Brian
Professor of History

Brian Owensby is professor of history in the Corcoran Department of History at the University of Virginia.  His scholarly work has ranged from social and political history in nineteenth- and twentieth-century Brazil to legal and imperial history in seventeenth-century Mexico.  Current research includes historiography and historical theory from a Brazilian perspective and a book-length project on the Jesuit New World synthesis of the eighteenth century as a counterpoint to Eurocentric accounts of modernity.  He has taught a variety of courses large and small to undergraduates, including a Global History class, and is supervising several graduate students.  He served as chair of the Corcoran Department of History from 2009 to 2012.

TBD
EGMT 1540: Lying

EGMT 1540: Lying

This course will introduce the students to the idea of lying. Rather than approach lying as easily distinguishable from the idea of truth, the course will delve into a more murkier zone and ask how the idea of lying is related to other ideas in its neighborhood such as bad faith, misleading, trickery, counterfeit, fraud, ignorance, secrecy, or false implication. We will cover a representative of hypothetical and real-world scenarios that will enable the students to discern the nuances of speech and expression and better distinguish lies from contested ideas of truth as well as other forms of deception. Readings will comprise weekly case studies which will cover over a variety of examples ranging from simple thought experiments that philosophers mobilize to make their arguments to real world instances of politics and contemporary issues of media bias. Some questions that the class will consider include: What does it mean to be true to ourselves? What does it mean to gain public trust and how does it relate to personal measures of truth telling? Do politicians lie or do they deceive and how does this difference matter? Is one lying when one’s opinion is based on misinformation? Is lying always morally wrong? Short exercises in interpretation of stylized dilemmas, excerpts from literary works, philosophical passages and public speech will accompany the weekly case studies. Instructed by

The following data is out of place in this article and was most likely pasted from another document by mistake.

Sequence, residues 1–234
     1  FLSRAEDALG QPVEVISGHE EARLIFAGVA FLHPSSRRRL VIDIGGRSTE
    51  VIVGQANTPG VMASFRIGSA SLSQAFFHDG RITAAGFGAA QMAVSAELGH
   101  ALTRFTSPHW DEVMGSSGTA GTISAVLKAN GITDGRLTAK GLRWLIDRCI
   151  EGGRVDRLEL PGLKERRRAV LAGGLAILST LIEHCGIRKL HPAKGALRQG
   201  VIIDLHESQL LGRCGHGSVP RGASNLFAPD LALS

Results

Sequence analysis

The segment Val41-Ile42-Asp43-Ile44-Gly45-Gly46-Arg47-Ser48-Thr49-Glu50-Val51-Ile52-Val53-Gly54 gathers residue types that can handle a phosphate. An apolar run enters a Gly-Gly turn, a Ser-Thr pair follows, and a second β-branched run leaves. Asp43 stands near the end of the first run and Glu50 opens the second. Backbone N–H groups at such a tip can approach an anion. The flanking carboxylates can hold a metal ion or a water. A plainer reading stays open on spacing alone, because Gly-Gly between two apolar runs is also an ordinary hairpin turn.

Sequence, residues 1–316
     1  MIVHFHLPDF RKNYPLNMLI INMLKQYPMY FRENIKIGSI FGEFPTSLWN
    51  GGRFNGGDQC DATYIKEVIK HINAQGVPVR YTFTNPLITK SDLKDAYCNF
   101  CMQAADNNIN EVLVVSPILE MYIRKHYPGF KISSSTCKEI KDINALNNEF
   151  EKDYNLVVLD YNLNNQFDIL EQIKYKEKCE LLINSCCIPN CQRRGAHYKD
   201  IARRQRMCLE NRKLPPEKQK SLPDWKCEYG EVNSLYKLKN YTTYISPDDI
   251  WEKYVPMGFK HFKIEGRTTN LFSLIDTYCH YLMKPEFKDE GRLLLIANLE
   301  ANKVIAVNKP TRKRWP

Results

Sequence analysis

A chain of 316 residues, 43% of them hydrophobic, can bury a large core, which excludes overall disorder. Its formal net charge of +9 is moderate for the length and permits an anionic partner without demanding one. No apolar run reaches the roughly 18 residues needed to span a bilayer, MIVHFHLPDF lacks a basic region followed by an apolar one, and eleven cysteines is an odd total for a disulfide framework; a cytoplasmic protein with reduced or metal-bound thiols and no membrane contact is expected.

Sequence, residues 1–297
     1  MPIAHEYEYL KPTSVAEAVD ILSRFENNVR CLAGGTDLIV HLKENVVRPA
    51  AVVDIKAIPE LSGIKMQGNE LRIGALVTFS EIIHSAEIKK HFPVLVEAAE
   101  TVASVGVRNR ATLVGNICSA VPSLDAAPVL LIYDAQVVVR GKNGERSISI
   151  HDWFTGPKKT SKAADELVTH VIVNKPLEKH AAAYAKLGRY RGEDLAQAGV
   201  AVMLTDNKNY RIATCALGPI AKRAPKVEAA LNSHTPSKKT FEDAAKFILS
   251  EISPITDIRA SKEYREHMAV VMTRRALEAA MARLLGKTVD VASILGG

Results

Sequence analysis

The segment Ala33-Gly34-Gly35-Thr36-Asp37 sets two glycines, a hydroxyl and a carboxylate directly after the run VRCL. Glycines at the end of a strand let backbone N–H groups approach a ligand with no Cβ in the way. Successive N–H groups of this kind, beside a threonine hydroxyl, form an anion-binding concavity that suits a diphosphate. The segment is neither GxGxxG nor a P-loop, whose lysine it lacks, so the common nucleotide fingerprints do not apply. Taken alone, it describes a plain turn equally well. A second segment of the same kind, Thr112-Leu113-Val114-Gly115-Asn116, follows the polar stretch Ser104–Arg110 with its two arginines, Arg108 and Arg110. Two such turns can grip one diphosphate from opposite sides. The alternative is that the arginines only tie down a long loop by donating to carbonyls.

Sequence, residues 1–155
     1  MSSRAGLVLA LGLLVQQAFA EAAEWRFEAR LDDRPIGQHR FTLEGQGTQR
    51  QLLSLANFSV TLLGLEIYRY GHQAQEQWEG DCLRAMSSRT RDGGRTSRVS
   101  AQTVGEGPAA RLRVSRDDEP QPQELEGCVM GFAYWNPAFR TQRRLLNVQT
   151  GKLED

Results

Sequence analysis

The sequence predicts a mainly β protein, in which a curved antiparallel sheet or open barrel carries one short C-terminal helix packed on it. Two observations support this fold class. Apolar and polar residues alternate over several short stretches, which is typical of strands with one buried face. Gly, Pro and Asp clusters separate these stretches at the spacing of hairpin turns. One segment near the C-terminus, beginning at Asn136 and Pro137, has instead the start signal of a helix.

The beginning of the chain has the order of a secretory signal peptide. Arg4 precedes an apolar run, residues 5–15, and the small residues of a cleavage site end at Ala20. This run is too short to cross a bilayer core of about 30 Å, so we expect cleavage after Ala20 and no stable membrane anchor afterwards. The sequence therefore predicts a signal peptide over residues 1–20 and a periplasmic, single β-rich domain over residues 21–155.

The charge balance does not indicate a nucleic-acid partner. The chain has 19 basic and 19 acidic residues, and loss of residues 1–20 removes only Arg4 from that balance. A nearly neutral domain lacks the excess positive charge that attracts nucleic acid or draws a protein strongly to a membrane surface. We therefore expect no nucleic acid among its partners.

Bagaria

Swayam
Postdoctoral Fellow
[email protected]

I received my PhD in 2020 from Johns Hopkins University in Anthropology. Although a cultural anthropologist by training, my work is more broadly located at the intersections of contemporary religion, new media affordances and political thought. Since 2014, I have worked on the changing relationship between popular Hinduism and political populism in India through an ethnographic and textual examination of the regnant deification of the past customary practice of widow burning.